fringement. Representatives, provide that the copyright in a work of the

description or category specified in the order is not infringed
where, in relation to such work, such acts as are specified in the
order are done in the circumstances so specified.

(2) The Minister shall not make an order under subsection (1)
unless he is satisfied that the acts specified in the order in rela-
tion to the work -

(a) are necessary in the public interest in connection
with an event of national importance;

(b) would not conflict with the normal exploitation of
the work; and

(c) would not unreasonably prejudice the legitimate in-
terest of the owner of the copyright in the work.

(3) An order made under subsection (1) shall make provision
for the payment of equitable remuneration to the copyright owner
to be determined, in default of agreement, by the Copyright Tri-
bunal; and such order may contain such consequential, supple-
mental or ancillary provisions as appear to the Minister to be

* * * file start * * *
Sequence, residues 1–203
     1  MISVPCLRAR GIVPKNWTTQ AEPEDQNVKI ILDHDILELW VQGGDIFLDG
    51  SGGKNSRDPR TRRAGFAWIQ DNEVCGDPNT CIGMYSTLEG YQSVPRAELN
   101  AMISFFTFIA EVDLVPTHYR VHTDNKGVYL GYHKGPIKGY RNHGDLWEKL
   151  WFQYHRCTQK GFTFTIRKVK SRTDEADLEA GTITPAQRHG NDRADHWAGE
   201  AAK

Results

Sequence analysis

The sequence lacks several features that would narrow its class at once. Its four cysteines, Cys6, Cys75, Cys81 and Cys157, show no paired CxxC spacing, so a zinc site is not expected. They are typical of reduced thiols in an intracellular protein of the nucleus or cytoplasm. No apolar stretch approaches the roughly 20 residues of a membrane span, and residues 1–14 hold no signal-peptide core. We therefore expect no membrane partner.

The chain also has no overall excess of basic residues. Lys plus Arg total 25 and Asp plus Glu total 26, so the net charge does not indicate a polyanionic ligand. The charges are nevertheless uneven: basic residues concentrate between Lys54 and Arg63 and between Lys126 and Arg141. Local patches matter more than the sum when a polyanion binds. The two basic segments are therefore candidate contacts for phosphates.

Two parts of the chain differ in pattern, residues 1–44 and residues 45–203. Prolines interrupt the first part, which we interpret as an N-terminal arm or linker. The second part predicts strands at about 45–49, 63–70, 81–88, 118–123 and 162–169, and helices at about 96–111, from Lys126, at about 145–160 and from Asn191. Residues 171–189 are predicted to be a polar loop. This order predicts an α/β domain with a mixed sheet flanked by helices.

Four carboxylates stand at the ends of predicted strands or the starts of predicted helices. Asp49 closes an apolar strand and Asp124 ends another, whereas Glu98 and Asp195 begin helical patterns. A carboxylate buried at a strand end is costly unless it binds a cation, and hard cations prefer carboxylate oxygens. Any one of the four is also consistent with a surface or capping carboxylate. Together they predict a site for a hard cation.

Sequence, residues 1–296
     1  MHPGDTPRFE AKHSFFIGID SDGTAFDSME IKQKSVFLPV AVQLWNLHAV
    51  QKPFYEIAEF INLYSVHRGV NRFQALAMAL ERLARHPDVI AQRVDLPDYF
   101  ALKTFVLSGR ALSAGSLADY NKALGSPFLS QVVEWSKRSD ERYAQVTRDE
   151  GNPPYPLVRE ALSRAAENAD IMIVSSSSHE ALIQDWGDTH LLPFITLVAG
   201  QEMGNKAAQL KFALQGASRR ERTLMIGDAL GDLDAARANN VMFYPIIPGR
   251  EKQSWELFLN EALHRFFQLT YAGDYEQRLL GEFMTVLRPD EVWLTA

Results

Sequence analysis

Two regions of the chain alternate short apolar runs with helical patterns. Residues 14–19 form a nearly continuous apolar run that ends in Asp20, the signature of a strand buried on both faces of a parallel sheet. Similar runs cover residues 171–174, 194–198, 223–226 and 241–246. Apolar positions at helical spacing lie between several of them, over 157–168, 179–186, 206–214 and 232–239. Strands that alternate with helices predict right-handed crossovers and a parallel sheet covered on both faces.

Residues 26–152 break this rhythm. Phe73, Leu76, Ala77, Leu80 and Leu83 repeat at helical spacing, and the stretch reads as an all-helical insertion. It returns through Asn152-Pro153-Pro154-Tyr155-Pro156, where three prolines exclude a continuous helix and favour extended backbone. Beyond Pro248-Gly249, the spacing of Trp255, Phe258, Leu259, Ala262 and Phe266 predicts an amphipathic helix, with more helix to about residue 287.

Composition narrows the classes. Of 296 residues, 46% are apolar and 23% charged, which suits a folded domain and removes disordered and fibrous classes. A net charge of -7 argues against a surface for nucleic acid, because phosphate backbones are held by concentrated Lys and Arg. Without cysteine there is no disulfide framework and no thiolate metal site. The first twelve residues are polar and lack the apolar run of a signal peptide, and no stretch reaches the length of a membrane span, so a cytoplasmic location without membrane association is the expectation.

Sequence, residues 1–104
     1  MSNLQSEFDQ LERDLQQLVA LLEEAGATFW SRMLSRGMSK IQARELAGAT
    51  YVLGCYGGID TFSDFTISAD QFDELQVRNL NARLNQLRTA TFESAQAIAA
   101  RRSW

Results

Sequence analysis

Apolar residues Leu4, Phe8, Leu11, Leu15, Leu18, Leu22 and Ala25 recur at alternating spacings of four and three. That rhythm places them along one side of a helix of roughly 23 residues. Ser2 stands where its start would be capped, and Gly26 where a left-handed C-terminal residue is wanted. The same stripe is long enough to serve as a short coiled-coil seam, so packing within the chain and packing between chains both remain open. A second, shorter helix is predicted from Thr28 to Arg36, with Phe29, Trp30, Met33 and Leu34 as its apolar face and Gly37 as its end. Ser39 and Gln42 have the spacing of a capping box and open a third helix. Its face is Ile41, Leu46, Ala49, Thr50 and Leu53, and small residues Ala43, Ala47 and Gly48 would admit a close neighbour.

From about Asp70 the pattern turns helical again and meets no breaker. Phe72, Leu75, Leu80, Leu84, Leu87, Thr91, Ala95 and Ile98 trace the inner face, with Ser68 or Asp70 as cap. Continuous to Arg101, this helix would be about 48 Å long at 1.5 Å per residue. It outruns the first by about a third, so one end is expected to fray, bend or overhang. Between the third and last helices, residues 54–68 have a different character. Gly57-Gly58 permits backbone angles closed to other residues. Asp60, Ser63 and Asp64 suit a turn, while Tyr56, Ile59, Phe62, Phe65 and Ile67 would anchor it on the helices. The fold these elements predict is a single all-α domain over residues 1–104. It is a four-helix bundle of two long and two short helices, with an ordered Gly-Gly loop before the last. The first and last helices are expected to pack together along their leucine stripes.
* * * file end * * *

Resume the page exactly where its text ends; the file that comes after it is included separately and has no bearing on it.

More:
necessary or expedient for the purpose of giving effect to the
order.

PART W - COPYRIGHT LICENSING

Preliminary

Interpretation for 87, (1) In this Part -
purposes of Part.

"licence" means any licence that is issued or offered by a
licensing body authorizing, in relation to works in which
copyright subsists, the doing of any of the acts restricted
by copyright;

"licensing body" means a society or other organization
which has as its main object or one of its main objects, the
negotiation or granting, either as owner or prospective

No. 22 of 2003. The Copyright Act, 2003. 69 ANTIGUA
AND

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owner of copynght or as agent for him, of licences, and
whose objects include the granting of licences covering
works of more than one author;

"licensing scheme" means a scheme setting ouf-

(a) the classes of case in which the operator of
the scheme, or the person on whose behalf
he acts, is willing to grant licences; and

(b) the tenns on which licences would be granted
in those classes of case,

and for this purpose a "scheme" includes anything in the nature
of a scheme, whether described as a scheme or as a tariff or by
any other name.

(2) References in this Part to licences or licensing schemes
covering works of more than one author do not include licences